TB/HIV technical advisors will be supported to participate in international TB/HIV conferences to share the Rwanda experience in rolling-out TB/HIV interventions and also learn from others countries' experiences. Short-term TA will be provided to the country team to ensure program quality and share lessons learned from other countries.

These activities support country 5-year strategic planning under its component of Integration of HIV into the overall health system and EP plan to increase ART patient enrollment.

Funding for Testing: HIV Testing and Counseling (HVCT): $0


This activity relates to CT activity 2800.

In FY2005, Columbia University initiated innovative family and home-based testing activities to more effectively reach family members of PLWHAs with CT services. In FY2006, Columbia will scale up two of the models piloted in FY2005 with the goal of strengthening linkages between clinical services and home- or family-based care. These models are: 1) going to the homes of index patients to provide CT services to their family members, and 2) working with PLWHA associations to counsel and test family members of PLWHA. In the second model, CT services may be provided to relatives of PLWHAs either at the meeting place of the PLWHA association or at the ART center via whole-blood (finger-prick) rapid tests. Individuals targeted under this activity will not need to go to VCT sites for CT services. Counselors -- whether members of the PLWHA associations, case managers or site staff -- will maintain confidentially in accordance with the MOH guidelines. Columbia will carry out these activities in collaboration with the Rwandan Network of PLWHA and staff at Columbia-supported ART sites. The target for the number of individuals tested in FY2006 is 2000. This activity advances the Rwanda EP five-year strategy of integrating care with prevention and treatment services and expanding CT services beyond the health facility.

Funding for Treatment: Adult Treatment (HTXS): $900,000

HIV/AIDS Pediatric care uptake has been slow in Rwanda because of the scarcity of pediatricians and the lack of skills from general practitioners. In COP07 PEPFAR Rwanda funded the extension of training and supervision of general practitioners by a team of pediatricians and senior MDs. With these new funds PEPFAR Rwanda will support additional training of trainers and providers in pediatric care and treatment, production and revision of pediatric HIV care and treatment manuals and tools, recruitment of needed pediatricians or medical doctors for district hospitals, and mentoring supervision of pediatric antiretroviral treatment at new USG-assisted sites. In addition to clinical management the training will emphasis on pediatric patient recruitment and follow-up. This activity will increase pediatric patient enrollment at national level.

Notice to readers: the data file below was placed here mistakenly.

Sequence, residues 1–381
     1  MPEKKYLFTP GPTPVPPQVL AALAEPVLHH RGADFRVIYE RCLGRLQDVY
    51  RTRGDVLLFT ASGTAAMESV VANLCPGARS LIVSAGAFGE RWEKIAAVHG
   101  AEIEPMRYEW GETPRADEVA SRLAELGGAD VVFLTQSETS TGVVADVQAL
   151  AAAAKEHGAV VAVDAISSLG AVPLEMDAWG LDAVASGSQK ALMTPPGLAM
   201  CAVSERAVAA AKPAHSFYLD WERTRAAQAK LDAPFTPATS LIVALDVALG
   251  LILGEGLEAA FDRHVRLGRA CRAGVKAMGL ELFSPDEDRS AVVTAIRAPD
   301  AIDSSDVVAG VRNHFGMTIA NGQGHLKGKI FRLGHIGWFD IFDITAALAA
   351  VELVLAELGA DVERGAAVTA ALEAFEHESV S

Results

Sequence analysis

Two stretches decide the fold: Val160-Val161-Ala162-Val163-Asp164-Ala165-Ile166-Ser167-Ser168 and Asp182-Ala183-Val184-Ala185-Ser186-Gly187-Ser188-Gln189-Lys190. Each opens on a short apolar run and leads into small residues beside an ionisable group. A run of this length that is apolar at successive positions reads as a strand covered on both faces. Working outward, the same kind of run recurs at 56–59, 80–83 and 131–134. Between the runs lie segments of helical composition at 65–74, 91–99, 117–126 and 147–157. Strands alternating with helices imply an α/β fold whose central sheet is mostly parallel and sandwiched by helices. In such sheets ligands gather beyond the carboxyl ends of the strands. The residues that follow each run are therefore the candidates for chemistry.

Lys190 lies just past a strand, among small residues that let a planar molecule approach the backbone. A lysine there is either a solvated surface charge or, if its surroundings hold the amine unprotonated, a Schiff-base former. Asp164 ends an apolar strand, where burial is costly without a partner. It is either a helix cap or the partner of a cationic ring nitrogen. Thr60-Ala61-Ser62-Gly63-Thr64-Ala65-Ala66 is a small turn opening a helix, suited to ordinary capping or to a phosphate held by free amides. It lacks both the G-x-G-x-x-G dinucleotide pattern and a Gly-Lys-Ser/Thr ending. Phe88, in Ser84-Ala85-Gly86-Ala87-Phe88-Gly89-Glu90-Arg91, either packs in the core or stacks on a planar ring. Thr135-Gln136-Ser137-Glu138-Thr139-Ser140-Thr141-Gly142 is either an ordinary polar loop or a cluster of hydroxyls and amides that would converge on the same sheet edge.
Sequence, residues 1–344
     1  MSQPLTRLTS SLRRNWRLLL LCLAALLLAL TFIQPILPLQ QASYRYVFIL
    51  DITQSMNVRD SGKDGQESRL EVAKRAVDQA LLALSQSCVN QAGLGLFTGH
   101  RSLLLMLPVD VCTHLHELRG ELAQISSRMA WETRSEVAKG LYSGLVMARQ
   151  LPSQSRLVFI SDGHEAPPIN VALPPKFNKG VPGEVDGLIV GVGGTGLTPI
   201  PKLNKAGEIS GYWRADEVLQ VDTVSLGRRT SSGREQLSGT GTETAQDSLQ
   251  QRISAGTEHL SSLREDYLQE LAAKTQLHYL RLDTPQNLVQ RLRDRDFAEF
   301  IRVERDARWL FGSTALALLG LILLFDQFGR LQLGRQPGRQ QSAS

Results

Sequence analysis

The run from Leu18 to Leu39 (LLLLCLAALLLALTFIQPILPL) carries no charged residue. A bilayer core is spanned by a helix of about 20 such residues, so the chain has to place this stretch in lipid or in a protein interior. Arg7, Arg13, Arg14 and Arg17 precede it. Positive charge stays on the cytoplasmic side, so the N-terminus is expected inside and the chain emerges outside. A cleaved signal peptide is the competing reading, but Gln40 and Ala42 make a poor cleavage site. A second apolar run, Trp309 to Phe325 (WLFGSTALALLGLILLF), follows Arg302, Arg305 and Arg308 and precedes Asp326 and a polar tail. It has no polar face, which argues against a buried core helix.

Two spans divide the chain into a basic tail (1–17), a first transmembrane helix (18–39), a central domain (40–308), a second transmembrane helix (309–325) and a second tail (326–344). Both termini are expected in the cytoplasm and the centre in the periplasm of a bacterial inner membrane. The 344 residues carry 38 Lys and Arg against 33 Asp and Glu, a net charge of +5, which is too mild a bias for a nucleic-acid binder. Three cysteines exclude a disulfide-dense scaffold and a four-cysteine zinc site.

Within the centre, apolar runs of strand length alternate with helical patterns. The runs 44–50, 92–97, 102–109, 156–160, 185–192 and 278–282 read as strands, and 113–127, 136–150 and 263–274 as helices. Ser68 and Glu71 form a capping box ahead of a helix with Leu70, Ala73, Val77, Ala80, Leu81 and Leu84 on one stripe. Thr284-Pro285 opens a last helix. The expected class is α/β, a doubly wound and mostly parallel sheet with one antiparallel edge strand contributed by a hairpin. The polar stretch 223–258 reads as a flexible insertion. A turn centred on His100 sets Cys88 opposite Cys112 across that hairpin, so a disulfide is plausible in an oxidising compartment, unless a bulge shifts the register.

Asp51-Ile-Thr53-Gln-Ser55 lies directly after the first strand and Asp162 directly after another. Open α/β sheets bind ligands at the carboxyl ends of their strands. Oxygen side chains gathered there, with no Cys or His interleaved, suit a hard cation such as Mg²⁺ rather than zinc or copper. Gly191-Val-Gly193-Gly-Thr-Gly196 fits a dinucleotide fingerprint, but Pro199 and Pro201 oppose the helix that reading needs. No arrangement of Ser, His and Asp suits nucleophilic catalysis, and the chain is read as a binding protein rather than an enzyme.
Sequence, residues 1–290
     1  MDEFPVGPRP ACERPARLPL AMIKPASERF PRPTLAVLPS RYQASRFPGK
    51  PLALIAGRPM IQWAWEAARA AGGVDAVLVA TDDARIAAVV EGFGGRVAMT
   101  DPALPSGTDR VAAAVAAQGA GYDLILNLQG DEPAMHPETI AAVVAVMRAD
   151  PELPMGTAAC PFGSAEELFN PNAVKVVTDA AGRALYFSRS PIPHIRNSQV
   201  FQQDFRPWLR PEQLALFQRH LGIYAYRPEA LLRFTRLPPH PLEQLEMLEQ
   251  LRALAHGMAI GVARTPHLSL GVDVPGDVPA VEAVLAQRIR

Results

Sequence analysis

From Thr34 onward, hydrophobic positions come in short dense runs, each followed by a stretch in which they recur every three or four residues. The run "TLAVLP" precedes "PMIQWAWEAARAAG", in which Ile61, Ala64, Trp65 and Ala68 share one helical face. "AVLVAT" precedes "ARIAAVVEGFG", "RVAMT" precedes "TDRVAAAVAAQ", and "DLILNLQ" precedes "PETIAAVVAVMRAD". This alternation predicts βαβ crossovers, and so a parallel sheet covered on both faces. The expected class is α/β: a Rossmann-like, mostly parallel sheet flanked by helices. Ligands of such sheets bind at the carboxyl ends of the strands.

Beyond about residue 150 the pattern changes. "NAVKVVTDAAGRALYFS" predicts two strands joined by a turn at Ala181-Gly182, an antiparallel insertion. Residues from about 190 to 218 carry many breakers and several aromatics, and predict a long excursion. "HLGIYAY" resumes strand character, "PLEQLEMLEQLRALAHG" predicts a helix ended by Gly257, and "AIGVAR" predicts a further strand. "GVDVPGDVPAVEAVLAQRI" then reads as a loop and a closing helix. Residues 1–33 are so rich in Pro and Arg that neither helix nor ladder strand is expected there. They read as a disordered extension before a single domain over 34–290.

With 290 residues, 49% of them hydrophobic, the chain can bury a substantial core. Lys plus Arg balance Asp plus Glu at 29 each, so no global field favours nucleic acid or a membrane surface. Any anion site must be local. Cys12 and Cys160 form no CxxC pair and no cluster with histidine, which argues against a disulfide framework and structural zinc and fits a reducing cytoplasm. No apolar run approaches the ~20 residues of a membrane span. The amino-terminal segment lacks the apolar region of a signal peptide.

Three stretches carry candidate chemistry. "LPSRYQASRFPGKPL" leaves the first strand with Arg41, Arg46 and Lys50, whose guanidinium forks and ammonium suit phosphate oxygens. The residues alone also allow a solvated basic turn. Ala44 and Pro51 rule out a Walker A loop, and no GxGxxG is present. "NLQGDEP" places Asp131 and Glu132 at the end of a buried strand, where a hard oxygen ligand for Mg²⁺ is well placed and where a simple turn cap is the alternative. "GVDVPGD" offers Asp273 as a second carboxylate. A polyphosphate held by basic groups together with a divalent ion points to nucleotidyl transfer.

This activity relates to HTXS (7158, 7161, 7164, 7176, 7190, 7246, 7256, 7262, 8172).

In FY 2006, Columbia UTAP supported TRAC and the MOH to revise norms and guidelines for HIV/AIDS care and treatment, including pediatric HIV/AIDS. In collaboration with IntraHealth, Columbia supported TRAC to design training curricula, clinical protocols, job aids and other tools to facilitate nurses' greater responsibilities in treating children with HIV/AIDS. In addition, Columbia established model pediatric HIV/AIDS care and treatment centers in two reference hospitals, CHK and CHUB. HIV positive children identified in VCT, PMTCT, nutrition centers, nearby PLWHA associations and outpatient clinics are referred to these centers. CHK and CHUB pediatricians conducted regular visits to other hospitals and health centers and trained 100 health care providers on pediatric HIV/AIDS management, and 18 district health teams on proper supervision. By the end of FY 2006, 800 children will be enrolled in care and 270 on ART at the two model centers.

In FY 2007, Columbia will support the MOH for the expansion of pediatric HIV care and treatment services and effective integration of HIV/AIDS services into the national health system.

Columbia will continue to support the model pediatric HIV/AIDS centers at CHK and CHUB to enroll 1,242 new patients into care, of which 360 will be on ART. Through expanded provider initiated testing and PCR testing for early infant diagnosis, additional children requiring care will be identified in PMTCT programs, nutrition rehabilitation centers and PLWHA associations. Psychosocial support, counseling, monitoring and evaluation systems will be strengthened to improve follow up. CHK and CHUB pediatricians will provide training, mentoring and supportive supervision to 200 health care providers at EP-supported ART sites. Columbia will identify barriers to improving pediatric care and treatment and devise strategies and activities to overcome them.

In order to effectively integrate HIV/AIDS services into the national health system, Columbia will provide TA to the MOH to implement district level HIV/AIDS training plans and train district medical officers on financial management and supervision.